The report detailing the behavior of officials in the Penn State child-abuse scandal is as welcome as it is shocking. And in releasing his report yesterday, former FBI Director Louis Freeh didn't mince words.
He was obviously furious about what he had learned.
That's a refreshing contrast to the reaction of Penn State sports officials, president, police chief, and others who learned about but preferred to let Jerry Sandusky's sexual abuse of children continue rather than have Penn's sports program tarnished.
It's tarnished now. But that's small stuff compared to the damage done to the children who got within Sandusky's reach.
Among other horrors, Freeh's report concluded that Penn State's revered former coach, Joe Paterno, knew of the concerns about Sandusky and persuaded university officials not to report him to the proper authorities - that Paterno was, in Freeh's words, "an integral part of this active decision to conceal."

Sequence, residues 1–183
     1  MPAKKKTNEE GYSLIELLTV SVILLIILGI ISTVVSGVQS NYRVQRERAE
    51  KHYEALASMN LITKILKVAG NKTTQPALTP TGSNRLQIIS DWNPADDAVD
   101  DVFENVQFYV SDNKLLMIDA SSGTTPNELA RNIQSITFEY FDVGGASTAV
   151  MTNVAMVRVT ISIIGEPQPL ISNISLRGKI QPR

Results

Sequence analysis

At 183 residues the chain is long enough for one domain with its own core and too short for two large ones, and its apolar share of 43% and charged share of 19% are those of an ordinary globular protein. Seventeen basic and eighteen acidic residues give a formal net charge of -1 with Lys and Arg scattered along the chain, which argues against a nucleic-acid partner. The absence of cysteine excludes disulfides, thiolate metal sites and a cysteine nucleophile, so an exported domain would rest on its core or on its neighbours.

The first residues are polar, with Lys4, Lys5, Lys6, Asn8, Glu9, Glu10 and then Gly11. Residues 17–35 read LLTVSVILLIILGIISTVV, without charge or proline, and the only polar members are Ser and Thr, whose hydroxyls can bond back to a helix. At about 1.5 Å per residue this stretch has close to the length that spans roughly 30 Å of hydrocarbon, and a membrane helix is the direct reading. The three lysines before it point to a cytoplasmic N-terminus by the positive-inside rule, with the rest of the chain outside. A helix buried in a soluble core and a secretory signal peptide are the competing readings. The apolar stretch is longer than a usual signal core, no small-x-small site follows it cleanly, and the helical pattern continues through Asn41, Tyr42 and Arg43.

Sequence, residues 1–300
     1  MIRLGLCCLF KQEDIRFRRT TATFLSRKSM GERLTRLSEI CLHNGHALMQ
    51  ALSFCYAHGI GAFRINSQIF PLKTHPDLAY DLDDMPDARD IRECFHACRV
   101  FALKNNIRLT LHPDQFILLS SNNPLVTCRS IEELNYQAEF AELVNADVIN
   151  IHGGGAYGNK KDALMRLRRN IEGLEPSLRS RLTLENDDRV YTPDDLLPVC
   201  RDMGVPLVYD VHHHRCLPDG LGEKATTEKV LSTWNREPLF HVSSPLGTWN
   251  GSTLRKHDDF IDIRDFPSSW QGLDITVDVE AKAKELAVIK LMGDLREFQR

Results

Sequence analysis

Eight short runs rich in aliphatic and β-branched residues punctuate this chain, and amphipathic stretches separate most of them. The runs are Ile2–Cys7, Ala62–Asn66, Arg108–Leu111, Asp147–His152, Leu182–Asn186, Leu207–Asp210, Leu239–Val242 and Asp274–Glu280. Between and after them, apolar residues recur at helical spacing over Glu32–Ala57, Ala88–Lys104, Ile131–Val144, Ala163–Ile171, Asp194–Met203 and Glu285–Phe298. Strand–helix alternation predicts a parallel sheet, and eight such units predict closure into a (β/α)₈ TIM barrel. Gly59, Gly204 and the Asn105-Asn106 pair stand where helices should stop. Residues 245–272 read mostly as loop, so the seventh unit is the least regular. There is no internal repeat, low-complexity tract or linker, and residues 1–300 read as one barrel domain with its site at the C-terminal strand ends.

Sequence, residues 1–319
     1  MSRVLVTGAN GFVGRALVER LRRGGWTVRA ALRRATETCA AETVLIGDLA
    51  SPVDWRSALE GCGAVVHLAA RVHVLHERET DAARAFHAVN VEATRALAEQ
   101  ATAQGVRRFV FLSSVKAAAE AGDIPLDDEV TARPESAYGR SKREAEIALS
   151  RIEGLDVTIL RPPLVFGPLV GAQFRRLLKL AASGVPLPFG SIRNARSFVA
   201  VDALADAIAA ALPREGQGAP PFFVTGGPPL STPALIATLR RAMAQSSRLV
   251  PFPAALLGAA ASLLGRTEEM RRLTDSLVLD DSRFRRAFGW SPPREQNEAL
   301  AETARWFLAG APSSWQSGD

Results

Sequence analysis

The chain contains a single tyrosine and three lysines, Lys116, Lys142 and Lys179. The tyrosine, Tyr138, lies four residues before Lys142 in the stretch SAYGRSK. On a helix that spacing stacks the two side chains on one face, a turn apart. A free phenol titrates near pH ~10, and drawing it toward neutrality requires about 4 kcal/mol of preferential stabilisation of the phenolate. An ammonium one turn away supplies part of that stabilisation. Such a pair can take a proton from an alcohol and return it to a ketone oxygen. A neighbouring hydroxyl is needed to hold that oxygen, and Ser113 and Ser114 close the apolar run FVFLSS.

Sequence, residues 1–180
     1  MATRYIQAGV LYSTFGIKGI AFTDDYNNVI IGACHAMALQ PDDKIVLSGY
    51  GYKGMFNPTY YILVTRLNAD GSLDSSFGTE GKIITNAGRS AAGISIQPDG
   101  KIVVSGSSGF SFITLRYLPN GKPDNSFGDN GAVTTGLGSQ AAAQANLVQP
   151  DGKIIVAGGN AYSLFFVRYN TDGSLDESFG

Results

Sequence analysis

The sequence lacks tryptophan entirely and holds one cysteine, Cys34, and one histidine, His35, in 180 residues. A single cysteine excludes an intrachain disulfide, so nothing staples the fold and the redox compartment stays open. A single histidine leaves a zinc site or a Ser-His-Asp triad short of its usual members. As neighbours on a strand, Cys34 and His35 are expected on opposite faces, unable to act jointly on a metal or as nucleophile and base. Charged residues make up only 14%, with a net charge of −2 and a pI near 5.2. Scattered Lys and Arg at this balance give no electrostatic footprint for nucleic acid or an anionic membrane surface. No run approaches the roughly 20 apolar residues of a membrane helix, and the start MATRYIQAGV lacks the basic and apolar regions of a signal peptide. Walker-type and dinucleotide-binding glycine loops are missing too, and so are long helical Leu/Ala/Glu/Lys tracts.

And yet as stunning as the Freeh report's revelations are, they're only slightly more disturbing than another of Freeh's comments. The New York Times quotes Freeh as expressing "regret" that the evidence he had uncovered would tarnish Paterno's "legacy."
"We have a great deal of respect for Mr. Paterno," Freeh said.
The abused Penn State boys have soaked up all the regret I have available.